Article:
Estoppel is a principle which precludes a person from changing facts which were implied in a previous agreement, statement or actions. When buying a note we draw up an Estoppel Letter agreement which states the facts of the sale such as interest rate, balance, term of loan, and other pertinent information associated with the mortgage loan we are buying. Our company has the note seller and the homeowner each sign matching letters with the same terms. This way everyone is on the same page. If a homeowner were to claim they paid additional principle or interest at a date before we bought the note or possibly claim an outside agreement existed, we can show that our purchase was based on the facts in which they stated previously. It doesn’t stop them from making a claim, but it can be used as evidence if you must litigate. I have never had to rely on an estoppel when the homeowner claimed there was a difference in balance, interest rate, or term after the purchase. But I still want it in the file.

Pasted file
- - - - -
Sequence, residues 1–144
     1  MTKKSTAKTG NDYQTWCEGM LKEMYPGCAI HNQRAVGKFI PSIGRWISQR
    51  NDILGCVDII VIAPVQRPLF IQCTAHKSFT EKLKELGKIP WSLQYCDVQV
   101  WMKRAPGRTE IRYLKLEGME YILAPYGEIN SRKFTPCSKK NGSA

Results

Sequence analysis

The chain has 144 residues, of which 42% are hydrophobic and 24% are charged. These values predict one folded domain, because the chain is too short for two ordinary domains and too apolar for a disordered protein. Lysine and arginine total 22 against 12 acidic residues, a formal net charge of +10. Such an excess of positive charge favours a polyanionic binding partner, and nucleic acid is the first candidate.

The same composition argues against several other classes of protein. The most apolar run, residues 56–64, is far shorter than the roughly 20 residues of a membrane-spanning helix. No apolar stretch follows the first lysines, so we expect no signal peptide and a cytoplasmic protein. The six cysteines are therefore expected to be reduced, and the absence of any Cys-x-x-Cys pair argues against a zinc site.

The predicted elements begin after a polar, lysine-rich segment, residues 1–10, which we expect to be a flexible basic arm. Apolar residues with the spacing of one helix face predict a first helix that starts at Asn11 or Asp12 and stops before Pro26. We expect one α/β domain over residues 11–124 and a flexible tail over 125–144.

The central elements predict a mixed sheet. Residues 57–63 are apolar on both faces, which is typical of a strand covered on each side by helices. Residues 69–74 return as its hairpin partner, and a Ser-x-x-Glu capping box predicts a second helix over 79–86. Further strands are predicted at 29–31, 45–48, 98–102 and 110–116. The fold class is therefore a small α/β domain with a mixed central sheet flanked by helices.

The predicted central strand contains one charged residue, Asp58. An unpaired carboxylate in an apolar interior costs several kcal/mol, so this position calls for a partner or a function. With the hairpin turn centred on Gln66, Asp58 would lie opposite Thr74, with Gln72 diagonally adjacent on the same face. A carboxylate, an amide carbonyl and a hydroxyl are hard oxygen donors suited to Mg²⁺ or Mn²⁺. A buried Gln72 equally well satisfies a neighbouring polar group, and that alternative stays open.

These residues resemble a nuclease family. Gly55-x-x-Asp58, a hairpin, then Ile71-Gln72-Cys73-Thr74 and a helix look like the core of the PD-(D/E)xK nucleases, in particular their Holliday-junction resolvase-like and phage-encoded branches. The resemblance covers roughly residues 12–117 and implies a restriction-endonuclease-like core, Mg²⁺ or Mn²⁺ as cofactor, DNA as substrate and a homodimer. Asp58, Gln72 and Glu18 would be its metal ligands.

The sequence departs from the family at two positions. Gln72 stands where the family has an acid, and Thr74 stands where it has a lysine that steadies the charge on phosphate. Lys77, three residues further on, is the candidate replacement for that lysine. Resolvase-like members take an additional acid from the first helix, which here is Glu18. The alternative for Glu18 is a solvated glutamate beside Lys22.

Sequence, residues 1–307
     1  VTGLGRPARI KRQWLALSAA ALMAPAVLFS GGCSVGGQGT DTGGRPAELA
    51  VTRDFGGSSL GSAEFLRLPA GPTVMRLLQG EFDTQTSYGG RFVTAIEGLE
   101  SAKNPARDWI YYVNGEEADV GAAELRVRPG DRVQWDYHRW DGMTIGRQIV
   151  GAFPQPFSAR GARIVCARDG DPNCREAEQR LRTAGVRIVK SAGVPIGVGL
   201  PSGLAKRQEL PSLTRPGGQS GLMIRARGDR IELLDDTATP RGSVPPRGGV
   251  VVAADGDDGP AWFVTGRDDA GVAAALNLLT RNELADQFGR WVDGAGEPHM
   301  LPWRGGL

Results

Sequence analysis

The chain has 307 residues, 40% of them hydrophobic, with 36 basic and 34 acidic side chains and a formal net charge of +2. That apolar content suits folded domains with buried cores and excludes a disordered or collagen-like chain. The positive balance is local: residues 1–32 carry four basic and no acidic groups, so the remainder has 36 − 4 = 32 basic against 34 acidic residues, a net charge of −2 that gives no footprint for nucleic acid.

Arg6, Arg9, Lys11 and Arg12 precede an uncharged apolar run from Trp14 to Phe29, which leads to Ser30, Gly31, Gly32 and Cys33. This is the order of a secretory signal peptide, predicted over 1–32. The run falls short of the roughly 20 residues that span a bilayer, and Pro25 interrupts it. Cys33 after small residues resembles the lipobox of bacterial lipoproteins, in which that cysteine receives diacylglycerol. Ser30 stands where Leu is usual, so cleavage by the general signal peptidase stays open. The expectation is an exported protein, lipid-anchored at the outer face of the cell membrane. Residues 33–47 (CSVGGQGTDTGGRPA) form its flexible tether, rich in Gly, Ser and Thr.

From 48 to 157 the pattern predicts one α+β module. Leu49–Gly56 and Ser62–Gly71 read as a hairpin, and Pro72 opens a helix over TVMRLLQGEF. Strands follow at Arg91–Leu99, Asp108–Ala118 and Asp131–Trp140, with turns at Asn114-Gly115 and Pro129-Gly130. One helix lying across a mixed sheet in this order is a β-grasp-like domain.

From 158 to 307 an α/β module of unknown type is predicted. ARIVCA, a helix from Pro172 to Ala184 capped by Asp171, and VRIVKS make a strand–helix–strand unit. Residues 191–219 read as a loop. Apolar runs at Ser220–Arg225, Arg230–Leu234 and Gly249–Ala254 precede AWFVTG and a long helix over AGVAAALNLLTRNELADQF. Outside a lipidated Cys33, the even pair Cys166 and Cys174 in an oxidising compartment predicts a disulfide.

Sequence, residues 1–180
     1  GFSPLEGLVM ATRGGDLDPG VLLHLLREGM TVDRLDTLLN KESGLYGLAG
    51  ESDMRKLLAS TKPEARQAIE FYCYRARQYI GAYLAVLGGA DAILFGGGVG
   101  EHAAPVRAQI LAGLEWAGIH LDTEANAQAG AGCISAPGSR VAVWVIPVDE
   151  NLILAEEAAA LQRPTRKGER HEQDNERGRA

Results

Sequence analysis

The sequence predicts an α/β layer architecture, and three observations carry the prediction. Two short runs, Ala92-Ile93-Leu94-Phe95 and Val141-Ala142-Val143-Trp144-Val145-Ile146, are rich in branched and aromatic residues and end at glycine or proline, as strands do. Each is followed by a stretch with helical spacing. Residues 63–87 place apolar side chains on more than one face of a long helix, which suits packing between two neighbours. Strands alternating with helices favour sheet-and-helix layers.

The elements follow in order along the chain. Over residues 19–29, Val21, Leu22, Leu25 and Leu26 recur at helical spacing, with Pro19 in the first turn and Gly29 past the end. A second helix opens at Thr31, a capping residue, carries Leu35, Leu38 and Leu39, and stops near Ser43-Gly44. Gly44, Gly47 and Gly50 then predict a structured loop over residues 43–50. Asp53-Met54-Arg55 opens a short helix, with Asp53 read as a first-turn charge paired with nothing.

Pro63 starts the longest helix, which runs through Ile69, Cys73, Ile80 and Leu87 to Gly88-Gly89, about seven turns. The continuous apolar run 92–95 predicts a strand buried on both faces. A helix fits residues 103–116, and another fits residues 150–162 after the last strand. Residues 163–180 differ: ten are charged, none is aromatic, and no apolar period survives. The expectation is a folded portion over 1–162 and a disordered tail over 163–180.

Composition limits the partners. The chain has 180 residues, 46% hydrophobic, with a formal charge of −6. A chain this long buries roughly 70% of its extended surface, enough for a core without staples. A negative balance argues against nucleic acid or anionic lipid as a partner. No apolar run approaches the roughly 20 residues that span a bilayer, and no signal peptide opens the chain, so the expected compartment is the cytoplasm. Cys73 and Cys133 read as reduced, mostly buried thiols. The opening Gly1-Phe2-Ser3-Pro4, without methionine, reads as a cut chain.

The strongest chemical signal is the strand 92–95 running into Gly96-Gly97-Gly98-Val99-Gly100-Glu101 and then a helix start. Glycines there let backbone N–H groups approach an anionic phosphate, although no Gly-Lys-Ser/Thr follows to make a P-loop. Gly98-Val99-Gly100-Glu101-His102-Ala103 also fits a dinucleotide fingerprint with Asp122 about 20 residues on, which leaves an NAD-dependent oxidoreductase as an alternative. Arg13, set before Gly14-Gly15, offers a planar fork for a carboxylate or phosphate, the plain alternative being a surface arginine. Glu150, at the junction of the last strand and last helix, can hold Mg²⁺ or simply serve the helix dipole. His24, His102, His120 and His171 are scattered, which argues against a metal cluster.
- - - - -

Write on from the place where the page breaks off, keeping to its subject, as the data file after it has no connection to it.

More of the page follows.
You can use this as a guideline to write your own and make it work for you. This information should not be considered legal advice. Please seek legal counsel before using any of the information or examples of documents posted on our site. Every state has its own laws, rules and regulations, we are based in Texas and follow its guidelines. I hope you find this information helpful. If you are interested in selling a note we might be your buyer. Please feel to contact us and we will make you an offer.